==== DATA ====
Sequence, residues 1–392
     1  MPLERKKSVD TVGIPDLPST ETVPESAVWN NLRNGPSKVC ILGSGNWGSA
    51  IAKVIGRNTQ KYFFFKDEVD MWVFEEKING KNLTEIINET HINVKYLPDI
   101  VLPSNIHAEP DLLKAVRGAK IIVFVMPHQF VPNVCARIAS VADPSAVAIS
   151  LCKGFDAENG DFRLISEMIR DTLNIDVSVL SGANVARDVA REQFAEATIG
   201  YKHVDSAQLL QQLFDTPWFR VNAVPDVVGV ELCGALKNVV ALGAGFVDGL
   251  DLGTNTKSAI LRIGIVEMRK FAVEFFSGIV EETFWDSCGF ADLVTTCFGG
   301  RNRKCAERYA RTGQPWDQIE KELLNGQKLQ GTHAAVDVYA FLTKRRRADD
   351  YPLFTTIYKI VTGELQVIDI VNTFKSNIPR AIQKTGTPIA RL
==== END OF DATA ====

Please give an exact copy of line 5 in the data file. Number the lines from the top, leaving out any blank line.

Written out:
   151  LCKGFDAENG DFRLISEMIR DTLNIDVSVL SGANVARDVA REQFAEATIG